For some questionable reason, British intel thought that the 5AC was ready to surrender. Instead, while the British unit thought that it was secretly infiltrating into a protective, shallow wadi near the 5AC, they were being monitored by the Iraqis all along. The Iraqis ambush the Brits, who miraculously escaped with none of their own being killed. However, the Brits have to flee in a desperate pell-mell haste, and loose a couple of their vehicles in deep mud. I found this remarkable tale to be told quite well. It explains how the mission was organized, and explains how this unit tried to infiltrate Iraq. The justification of the mission itself seemed to be based on very dubious intel analysis.
I found it quite incredulous that the Brits weren’t able to receive U.S. close-air support simply because the Brits were just too close to the enemy, and the Americans didn’t fire because they wanted to avoid causing “friendly fire” casualties amongst the Brits.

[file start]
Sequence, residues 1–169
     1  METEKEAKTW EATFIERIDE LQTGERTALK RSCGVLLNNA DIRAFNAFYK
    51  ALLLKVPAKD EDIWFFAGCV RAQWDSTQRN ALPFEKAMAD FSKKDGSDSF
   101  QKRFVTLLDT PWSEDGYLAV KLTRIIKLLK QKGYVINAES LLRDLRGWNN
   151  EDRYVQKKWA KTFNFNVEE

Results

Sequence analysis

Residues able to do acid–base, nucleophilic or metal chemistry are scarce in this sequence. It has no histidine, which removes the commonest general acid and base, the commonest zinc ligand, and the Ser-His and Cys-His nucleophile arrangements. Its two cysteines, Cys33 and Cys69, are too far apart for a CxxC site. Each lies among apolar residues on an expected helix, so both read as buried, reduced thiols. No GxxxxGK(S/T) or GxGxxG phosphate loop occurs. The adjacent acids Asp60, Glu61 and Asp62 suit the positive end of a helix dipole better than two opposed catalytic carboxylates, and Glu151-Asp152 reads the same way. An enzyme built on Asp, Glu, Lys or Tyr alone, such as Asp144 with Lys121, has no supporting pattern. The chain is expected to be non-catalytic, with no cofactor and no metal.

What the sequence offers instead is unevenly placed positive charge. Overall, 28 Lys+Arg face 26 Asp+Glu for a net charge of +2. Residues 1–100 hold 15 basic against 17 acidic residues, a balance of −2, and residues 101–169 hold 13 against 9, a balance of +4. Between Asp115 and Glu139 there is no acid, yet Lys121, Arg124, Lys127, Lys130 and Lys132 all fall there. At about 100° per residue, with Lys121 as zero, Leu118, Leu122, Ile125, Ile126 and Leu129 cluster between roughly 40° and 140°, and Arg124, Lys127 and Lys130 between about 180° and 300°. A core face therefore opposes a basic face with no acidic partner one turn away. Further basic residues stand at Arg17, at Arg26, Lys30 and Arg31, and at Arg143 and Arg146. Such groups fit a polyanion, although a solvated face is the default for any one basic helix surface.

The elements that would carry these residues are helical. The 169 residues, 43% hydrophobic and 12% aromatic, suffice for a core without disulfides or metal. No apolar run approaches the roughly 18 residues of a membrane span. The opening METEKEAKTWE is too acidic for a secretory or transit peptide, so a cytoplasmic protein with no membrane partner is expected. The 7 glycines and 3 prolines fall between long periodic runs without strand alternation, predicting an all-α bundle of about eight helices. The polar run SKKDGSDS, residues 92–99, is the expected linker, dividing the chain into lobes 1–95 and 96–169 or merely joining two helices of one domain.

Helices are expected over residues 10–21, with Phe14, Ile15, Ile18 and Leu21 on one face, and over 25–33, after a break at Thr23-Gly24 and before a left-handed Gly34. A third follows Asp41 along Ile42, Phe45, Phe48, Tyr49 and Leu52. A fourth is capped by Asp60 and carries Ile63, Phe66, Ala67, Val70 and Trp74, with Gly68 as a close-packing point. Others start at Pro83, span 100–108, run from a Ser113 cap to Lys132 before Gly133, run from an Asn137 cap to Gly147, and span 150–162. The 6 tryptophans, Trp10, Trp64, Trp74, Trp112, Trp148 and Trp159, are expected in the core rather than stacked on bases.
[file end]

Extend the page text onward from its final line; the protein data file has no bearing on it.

The battle-exfiltration process is a real nail-bitter, with great writing in describing the harrowing battlefield action – simply unbelievable at times, how the Brits constantly got repeated “lucky breaks” in escaping the constant Iraqi attacks.
Some reviewers were critical of the number of pages devoted to analyzing the pre-battle preparations -- I thought they were useful in helping to understand what all needs to be contemplated before running off to battle. I really enjoyed this story; I could hardly put the book down for a break.
Sometimes, however, a war story deserves to be told about an event that didn't have the same impact on its associated war. Sometimes the importance of telling the story comes not from the significance of the engagement itself, but the need to correct inaccuracies resulting from the 24-hour news cycle's rush to judgment . . . and to defend the honor of those who live their lives defending us.